OAuth is, simply put, a protocol and login method that confirms user identities based upon existing, verified authentication. When you log in to an app or online site and select the “Login with Facebook” or similar option, that authentication method uses OAuth.
Apps and sites leverage OAuth to provide secure access to their portals so that users can seamlessly interact with third-party apps and sites without entering credentials for every new login. In other words, OAuth makes it possible for a user to access a site via their identity from another one. Additional capability, such as social media sharing, is enabled by OAuth as well. For example, a user authorizes access to one site (let’s use ESPN.com) to post updates to the user’s Facebook timeline without ESPN possessing the Facebook password.i
A more technical definition for OAuth would be: a secure, third-party, user-agent delegated method defined as an open-standard authorization protocol that describes how separate servers and services can safely allow authenticated access to their assets without sharing the initial login credentials.
Through OAuth, the user clicks on an access rights icon that’s linked to the other website (e.g., Facebook, Google). The website the user has already logged into verifies their identity and the new site or app uses that authentication to permit access. The two sites do not share password data. Instead, they use authorization tokens to verify the user’s identity and all parties involved (user and the two sites) work in concert to complete a transaction.
OAuth is not just used for identity sharing between websites, but also facilitates the sending of cloud-stored files between users on different systems.i
Today, we use OAuth 2.0—a complete redesign and not compatible with the initial iteration. Insiders and experts generally agree that OAuth 2.0 is faster and less complicated than its predecessor, despite containing more steps in its processes.i Released in 2012, OAuth 2.0 adopters include industry stalwarts such as Google, Facebook, Amazon, Instagram, LinkedIn, Netflix, and many more.
If a user has already signed into one service and then wants to start a transaction that needs to access a different service, the following OAuth 2.0 steps will occur (simplified in the following example):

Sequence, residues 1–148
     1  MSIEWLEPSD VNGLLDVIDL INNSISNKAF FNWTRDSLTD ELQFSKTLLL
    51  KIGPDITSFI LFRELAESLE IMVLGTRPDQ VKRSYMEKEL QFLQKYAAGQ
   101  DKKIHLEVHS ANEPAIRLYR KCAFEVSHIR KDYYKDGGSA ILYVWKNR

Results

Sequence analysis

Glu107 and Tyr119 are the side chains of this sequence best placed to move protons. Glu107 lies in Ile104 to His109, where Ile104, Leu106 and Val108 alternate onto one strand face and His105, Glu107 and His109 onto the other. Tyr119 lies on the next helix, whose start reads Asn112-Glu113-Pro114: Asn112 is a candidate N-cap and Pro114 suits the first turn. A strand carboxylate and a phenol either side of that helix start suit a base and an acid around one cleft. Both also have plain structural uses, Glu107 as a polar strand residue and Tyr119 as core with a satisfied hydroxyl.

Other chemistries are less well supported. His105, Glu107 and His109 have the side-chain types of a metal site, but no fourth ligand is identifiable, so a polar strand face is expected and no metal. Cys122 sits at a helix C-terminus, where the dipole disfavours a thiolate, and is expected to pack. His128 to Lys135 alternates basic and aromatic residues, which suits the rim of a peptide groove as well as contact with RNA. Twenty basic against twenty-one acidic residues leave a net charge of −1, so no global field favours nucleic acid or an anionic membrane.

- Using OAuth, the first website (e.g. ESPN) connects to the site where the user is already logged in (e.g., Google, Facebook) to begin authentication.
- The second site creates a one-time token and secret, unique to the transaction, which is sent back to the first site.
- The user approves the transaction on the first website.
- The second website lets the first website access its site on behalf of the user.
OAuth’s Central Components
OAuth is built on the following central components:
- Scopes and Consent
- Actors (i.e., Resource Owner, Resource Server, Client, and Authorization Server)
The scope is a security feature in OAuth 2.0 that can limit an application’s access to only what is necessary for a user’s account. Consent refers to the user-granted permission to allow access.
There are four actors in OAuth: the resource owner, the resource server, the client, and the authorization server. The resource owner is a user who accesses the information/resource on the resource server. The resource server is the service that provides access to data. The client is the application that wishes to access the user’s data. The authorization server is the main engine of OAuth and where the client application is registered.
Access tokens are used to make API requests on behalf of a user. A client is required to complete this task to receive an access token from the authorization server.
For all of OAuth’s many benefits, it requires an outside protection protocol to provide security. OAuth 2.0 does not define or support encryption, signature, or client verification.ii This means that all parties involved in the transaction must require outside protection protocol, such as Transport Layer Security (TLS). TLS is a cryptographic protocol that offers communications security over a computer network.iii
Since its introduction, OAuth quickly became the industry standard. With almost a decade’s worth of use, OAuth 2.0 remains in extensive usage on some of the world’s most influential websites.